Type “A” Metamorphosis

The term “Type A” has been a badge of honor worn by successful, results-driven individuals since the 1960s. Because they are very “logic driven,” Type A individuals can have a stagnant sense of wonder. Society at large often teaches them to minimize their sense of perceiving something unexpected in order to chase their next big achievement or goal. They often miss the beauty of small miracles in their everyday lives.

The key lesson Type A people need to learn is that somewhere, somehow in life something will happen and they will have to rely on others. These people are conditioned to think that if they take a certain action, it will guarantee a certain result. For example, a young Type A woman may believe that if she dresses pretty, gets a good education, and has a good job it will help her snag the perfect husband. Many single, mid-thirties women who have lived Type A lives now realize this just isn’t true.

Type A’s who eat right and exercise but get stricken with cancer are forced to reach out to others for a change. Life often reveals its wonder through the compassion of family and friends the Type A may have overlooked during his or her busy life journey prior to the illness. Some of these folks experience a heightened sense of wonder when their condition goes into remission. They feel a rich sense of joy and gratitude that they never felt doing their Type A tasks. Remission reinforces an awareness in them that the unexplained is often more important than the explained.

Once upon a time, I was a Type A. However, despite all my actions and accomplishments, I was laid off due to a bad economic cycle. During the mornings, which in the past would have been consumed with getting ready for work, I would sit on my back deck. I noticed for the first time some of the cardinals and sparrows playing in my back yard. I started taking morning walks to inhale the fragrance of trees permeating the air just after sunrise. I volunteered at a local church to help young children with math, marveling at how quickly they picked up concepts, and how they instantly expressed their new confidence with a hug or a laugh. I realized I had denied myself experiencing these moments of wonder by focusing only on goals that were helping businesses reach their bottom line.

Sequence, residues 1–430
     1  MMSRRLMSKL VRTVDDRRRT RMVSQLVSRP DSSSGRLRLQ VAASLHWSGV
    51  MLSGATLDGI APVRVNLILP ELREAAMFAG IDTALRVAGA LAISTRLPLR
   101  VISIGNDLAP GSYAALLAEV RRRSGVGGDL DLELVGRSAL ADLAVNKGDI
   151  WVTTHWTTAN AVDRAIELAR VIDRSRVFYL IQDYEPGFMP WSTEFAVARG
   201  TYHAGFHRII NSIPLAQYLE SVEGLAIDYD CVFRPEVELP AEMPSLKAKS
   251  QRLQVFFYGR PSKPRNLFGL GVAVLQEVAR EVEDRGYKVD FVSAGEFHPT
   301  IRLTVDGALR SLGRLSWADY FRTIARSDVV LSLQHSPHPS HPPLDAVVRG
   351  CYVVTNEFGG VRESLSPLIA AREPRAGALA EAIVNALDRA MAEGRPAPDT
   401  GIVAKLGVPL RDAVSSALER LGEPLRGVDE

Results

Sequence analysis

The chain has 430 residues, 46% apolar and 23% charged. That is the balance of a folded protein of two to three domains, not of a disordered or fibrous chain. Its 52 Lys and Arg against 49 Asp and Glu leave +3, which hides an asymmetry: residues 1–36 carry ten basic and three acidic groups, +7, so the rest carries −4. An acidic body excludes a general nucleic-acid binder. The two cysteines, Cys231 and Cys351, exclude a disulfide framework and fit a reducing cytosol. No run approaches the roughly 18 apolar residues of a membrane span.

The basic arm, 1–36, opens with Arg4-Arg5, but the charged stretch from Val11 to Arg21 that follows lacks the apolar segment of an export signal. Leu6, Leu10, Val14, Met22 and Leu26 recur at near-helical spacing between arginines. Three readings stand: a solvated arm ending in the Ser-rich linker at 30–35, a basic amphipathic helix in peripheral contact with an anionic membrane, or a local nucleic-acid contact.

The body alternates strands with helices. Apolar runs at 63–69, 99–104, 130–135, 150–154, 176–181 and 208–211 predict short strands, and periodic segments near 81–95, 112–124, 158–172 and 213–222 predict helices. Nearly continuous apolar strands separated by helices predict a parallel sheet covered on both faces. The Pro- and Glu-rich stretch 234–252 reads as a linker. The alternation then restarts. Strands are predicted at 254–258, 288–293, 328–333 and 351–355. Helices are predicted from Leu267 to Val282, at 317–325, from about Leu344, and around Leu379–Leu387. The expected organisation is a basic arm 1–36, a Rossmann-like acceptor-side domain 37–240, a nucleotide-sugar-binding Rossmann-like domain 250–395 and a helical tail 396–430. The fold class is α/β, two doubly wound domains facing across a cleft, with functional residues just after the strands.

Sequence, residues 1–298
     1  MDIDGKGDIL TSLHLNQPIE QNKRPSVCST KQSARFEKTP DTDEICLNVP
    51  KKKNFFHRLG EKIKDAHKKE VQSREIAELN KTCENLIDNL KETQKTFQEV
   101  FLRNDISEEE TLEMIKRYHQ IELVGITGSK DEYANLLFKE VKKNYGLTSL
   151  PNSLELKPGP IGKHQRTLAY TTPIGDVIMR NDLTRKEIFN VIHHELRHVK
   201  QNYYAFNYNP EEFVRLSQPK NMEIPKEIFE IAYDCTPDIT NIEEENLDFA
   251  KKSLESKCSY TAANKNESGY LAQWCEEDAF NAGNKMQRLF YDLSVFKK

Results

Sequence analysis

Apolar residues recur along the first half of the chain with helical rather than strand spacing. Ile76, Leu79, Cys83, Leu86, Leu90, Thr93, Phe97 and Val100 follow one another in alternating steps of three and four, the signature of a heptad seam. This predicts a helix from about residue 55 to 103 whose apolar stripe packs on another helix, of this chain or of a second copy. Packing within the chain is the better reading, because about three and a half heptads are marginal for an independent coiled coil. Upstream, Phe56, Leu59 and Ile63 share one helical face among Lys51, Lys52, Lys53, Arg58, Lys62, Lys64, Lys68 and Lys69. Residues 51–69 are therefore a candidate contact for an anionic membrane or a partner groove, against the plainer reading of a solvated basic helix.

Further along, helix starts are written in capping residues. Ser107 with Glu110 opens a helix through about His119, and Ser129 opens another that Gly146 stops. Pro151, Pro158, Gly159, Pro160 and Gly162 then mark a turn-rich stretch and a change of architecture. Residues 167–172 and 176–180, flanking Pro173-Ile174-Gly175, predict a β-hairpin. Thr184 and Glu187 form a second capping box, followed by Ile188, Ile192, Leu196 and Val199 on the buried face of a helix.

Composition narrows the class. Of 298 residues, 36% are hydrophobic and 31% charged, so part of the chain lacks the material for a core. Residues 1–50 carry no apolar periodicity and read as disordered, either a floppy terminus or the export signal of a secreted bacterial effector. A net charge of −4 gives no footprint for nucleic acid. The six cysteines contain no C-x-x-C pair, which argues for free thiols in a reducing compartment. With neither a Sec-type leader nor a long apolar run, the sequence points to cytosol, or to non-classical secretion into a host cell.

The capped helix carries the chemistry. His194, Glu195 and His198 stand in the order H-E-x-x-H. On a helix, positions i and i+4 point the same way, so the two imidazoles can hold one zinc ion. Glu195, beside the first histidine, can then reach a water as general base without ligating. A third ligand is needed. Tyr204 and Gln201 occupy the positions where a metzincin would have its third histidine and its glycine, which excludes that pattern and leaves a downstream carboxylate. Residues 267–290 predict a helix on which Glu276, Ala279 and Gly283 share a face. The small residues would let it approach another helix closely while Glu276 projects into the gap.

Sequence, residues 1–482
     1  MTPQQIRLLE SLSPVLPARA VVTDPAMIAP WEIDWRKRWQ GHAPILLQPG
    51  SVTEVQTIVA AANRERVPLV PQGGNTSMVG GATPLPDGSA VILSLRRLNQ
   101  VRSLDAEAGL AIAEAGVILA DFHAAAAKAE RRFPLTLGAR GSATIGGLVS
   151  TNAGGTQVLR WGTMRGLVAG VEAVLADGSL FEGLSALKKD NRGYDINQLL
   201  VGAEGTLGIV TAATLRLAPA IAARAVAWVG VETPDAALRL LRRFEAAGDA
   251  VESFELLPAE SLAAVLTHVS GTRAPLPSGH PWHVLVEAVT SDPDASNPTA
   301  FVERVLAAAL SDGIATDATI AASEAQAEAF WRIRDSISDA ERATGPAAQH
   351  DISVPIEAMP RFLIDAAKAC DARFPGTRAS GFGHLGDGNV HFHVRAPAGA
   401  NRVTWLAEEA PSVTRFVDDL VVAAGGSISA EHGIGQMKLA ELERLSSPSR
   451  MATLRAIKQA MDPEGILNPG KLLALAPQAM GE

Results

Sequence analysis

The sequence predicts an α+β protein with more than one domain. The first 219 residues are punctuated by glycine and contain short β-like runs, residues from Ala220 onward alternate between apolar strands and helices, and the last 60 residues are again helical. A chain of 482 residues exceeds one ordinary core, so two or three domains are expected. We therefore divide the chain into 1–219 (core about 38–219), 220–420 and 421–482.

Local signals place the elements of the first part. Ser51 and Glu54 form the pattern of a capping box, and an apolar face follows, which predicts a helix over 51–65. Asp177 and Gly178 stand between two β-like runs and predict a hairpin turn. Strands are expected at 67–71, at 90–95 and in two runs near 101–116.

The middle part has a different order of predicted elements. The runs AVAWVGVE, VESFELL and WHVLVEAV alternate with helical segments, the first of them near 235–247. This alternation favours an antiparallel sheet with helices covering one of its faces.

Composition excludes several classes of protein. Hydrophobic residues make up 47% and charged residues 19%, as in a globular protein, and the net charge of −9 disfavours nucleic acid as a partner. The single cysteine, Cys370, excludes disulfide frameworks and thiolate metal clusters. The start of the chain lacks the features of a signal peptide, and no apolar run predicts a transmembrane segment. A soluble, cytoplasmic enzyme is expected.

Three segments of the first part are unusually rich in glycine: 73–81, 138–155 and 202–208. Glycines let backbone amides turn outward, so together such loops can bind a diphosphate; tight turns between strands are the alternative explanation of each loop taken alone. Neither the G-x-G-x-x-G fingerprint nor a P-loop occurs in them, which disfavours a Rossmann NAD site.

During the forced reassessment of my life, my “true” friends stayed and those who were friends because of my title and status fell away. This weeding out process allowed me to invest more time in the friendships that nurtured me instead of the ones that had been superficial. The situation really made me appreciate the friends that remained.

Also, life may force Type A’s into situations so difficult that no matter what action they take, it doesn’t seem to help. These unexpected twists of fate may be telling them to rely on something other than themselves. Many struggle during this period, trying to break the ingrained habit of self-reliance by continually trying to take control. Life  however, is a persistent teacher and will keep repeating the lesson until the stubborn Type A person finally realizes her or his constant goal setting is futile relative to the bigger plans of fate.

Type A’s don’t want to “wonder” what’s going to happen. They want to know what the end result will be. They want safety and guaranteed results. Very little growth can be achieved when we live our lives by left-brained formulas for success. The stretching of the spirit usually is the result of strife and pain that most people would not knowingly welcome, especially Type A’s. Life’s greatest gifts often come from unexpected but meaningful events – surprises from loved ones, spontaneous acts of kindness from strangers, and rebounding from disappointments. The sense of wonder a new mother experiences as she examines the perfectly formed feet and toes of her newborn can’t be anticipated. The sense of wonder a person may have as he or she anxiously awaits a blind date can’t easily be managed. The sense of wonder stirred by the aromas from the kitchen as your host lovingly prepares a feast that resulted from an impromptu invite can’t be purposely designed. Wondering if the person you have a crush on has the slightest bit of desire for you is a curiosity that can’t quickly be answered, no matter how urgently you would like it to be.

If you are an ex-Type A family member dealing with family members who currently embrace Type A, independent philosophy can be a challenge. Everyone has their path in life and just because you were shaken off the Type A train by your experiences, it may not be time for a family member to get off their Type A train yet due to lessons that still may need to be learned.

Families are often a reflection of what we are or what we used to be.  You may see your past behavior in them and feel uncomfortable.  You may try to accelerate their enlightenment by preaching to them about the detriments of stress and being Type A.  However, they may still have things to work out on their path from their Type A journey to a place with more spiritual wholeness and letting go. It may not be your place to interfere. Give them the grace to make this phenomenal discovery. You had yours. Let them have theirs.


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